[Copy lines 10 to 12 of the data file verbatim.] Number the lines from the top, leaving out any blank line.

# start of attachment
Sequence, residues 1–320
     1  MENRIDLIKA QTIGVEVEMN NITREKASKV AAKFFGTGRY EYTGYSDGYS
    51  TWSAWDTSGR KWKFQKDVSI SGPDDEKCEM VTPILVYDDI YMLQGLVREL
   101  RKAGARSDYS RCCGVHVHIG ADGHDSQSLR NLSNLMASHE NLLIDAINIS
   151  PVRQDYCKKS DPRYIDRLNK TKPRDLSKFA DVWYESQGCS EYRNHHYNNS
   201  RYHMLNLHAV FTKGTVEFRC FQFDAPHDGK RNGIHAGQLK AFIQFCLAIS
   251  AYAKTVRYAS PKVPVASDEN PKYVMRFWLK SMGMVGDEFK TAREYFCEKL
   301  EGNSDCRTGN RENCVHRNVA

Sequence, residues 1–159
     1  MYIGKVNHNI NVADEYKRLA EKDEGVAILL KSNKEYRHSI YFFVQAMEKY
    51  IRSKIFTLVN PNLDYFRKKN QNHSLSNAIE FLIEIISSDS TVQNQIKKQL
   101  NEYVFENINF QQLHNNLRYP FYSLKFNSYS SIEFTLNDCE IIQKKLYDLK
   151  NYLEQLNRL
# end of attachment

     1  MYIGKVNHNI NVADEYKRLA EKDEGVAILL KSNKEYRHSI YFFVQAMEKY
    51  IRSKIFTLVN PNLDYFRKKN QNHSLSNAIE FLIEIISSDS TVQNQIKKQL
   101  NEYVFENINF QQLHNNLRYP FYSLKFNSYS SIEFTLNDCE IIQKKLYDLK